|Placement location||Type of Placements Offered||Restrictions/Notes|
|* (1) Requires 12-month placement; (2) Must be studying software/computing and have demonstrable interest in compilers or operating systems; (3) Must hold a current passport; (4) No first year students|
At least one new scholarship
Who we are and what we do
Embecosm is a global service provider with offices in the United Kingdom, Germany and representatives in USA and Asia. We deliver major projects involving open source compiler tool chains, embedded operating systems and silicon chip modelling, spanning the smallest deeply embedded processors to the largest high-performance computing systems, including those using RISC-V and ARM processors. We are increasingly using artificial intelligence, machine and deep learning as part of our offerings.
Among other tools, we support GCC, LLVM, Verilator, SystemC, Embedded Linux, FreeBSD and FreeRTOS. Our services include porting tools to new targets, implementing new board support packages (BSPs) for operating systems and architectures and maintaining and supporting existing tools and BSPs. Embecosm is one of the worlds leading organisations for research into compiler and operating system technology.
What you could be doing during your work placement
During your time at Embecosm, you will work on developing open source compilers or operating systems for customers, usually one or two of the following: GCC, LLVM, Verilator, Linux, FreeBSD or FreeRTOS. You should expect to spend up to 25% of your time with customers, very often outside the UK (one scholar spent time in California, Austria and Belgium during their placement). The work will be as part of one of Embecosm’s engineering teams, so you will receive close mentoring. You will also be expected to contribute to public projects during your time at Embecosm.
Meet one of our Scholars
University of Bath
MEng Computer Systems Engineering
What appeals to you about Electronics?
Electronics is fundamentally a hugely varied industry, but as soon as you look deeper, everything is very interconnected. This means that if you’re interested in digital, analog, hardware or software, there’s almost always something that you can learn from the study of Electronics. I have always been very interested in pure software, but it is the study of Electronics that provides the context to be able to implement and understand much more exciting applications of software.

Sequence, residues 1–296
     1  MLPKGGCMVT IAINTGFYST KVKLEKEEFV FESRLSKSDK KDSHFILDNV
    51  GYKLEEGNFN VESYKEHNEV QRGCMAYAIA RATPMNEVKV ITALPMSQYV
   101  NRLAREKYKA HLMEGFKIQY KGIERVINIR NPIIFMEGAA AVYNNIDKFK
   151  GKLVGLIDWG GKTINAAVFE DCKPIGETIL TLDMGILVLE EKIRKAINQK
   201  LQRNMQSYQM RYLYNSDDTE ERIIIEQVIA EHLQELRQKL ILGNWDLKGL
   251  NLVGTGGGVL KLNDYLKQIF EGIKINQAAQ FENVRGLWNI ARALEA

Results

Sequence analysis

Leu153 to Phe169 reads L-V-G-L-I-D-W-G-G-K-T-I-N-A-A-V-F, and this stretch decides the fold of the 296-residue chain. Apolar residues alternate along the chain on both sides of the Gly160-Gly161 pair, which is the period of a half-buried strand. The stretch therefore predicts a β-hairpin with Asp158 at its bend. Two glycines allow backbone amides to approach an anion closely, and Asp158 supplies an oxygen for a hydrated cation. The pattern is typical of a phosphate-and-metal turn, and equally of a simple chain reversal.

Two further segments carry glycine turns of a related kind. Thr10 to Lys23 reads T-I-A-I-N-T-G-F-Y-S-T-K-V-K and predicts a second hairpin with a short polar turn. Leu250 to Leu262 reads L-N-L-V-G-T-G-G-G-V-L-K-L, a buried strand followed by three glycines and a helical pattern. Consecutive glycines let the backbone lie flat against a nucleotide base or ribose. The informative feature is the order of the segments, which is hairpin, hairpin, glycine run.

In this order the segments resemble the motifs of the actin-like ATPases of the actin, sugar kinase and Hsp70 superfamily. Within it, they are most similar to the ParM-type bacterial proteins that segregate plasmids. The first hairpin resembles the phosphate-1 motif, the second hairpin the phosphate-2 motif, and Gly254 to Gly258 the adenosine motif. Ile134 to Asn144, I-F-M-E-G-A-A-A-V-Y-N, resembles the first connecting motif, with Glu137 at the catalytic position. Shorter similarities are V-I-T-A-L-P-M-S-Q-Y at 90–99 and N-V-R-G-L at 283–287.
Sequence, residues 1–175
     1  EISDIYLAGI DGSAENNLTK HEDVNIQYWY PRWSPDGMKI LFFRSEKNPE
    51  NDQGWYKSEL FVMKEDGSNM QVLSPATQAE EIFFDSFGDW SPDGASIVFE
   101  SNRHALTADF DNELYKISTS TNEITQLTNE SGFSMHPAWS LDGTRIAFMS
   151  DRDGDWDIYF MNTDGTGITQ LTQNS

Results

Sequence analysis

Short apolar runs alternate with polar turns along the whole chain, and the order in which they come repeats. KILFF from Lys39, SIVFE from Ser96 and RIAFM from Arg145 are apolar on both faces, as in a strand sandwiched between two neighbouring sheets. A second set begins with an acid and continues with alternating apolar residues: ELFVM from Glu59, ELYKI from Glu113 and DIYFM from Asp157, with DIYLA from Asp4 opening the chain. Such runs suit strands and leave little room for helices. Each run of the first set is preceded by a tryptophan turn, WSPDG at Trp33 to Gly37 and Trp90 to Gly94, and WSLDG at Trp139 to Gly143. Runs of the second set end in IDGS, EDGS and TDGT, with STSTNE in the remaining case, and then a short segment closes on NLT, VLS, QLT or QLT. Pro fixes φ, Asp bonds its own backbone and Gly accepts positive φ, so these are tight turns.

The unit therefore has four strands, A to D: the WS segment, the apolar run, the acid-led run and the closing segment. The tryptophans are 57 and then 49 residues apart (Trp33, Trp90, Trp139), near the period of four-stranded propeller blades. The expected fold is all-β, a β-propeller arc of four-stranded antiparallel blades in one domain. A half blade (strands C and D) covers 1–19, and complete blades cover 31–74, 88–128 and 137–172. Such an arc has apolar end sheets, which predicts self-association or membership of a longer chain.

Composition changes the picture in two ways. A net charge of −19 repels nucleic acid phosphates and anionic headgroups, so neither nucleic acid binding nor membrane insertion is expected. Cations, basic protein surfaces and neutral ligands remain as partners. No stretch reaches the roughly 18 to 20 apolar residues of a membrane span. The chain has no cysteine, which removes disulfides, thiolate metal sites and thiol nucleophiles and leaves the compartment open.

Why did you want a scholarship with Embecosm?
Embecosm provides compilers and toolchains for hardware companies, which aligned perfectly with my interest in the boundary between hardware and software. In terms of the experience I could gain from my placement, I was really excited to learn more about how a large and complex piece of software such as a compiler is designed and how it all fits together.
What type of work have you been involved with during your placement?
I have been implementing, testing and fixing various aspects of C and C++ compilers for embedded targets, mainly focusing on the backend. The backend transforms a simplified intermediate language into optimal machine code for the processor, which could mean minimising the amount of instruction memory needed, the execution time of the program or even the energy usage. I have also attended two international conferences on the topic of compilers (GNU Tools Cauldron) and open source hardware design (OrConf).
What are your interests outside of work?
In my spare time I do a lot of cycling, whether it is training, racing or just enjoying the ride.
Meet one of our Engineers
- Job Title:
- Compiler Engineer
Why I chose my degree programme
At university I studied a course covering both computer science and electronic engineering. I chose this because I like to understand how systems work from a high level (software) down to the low level fundamentals (how electronics work) to have a good understanding of all the various levels and then be able to solve problems across those different levels.
I particularly enjoyed studying the parts where there is a cross-over between the two disciplines, for example, computer architecture and how this can be implemented in HDLs.
Why I chose Embecosm
It is my enjoyment of low-level software/high-level electronics that lead me to my current employer, because compiler development requires a good understanding of how the various parts of computer architecture are implemented in hardware.
My experience at Embecosm
In my current role I develop backends for compilers, targeting our customers’ particular compilers. This involves optimizing the instructions generated by the compiler to minimise time, size or energy usage and building various tools to improve the experience of software developers. It is the latter part I enjoy the most as it requires me to think about and solve problems at a whole system level.
What I enjoy outside work
Outside of work, I run a video gaming community with some friends from secondary school. I also enjoy travelling and taking photos of the things I find.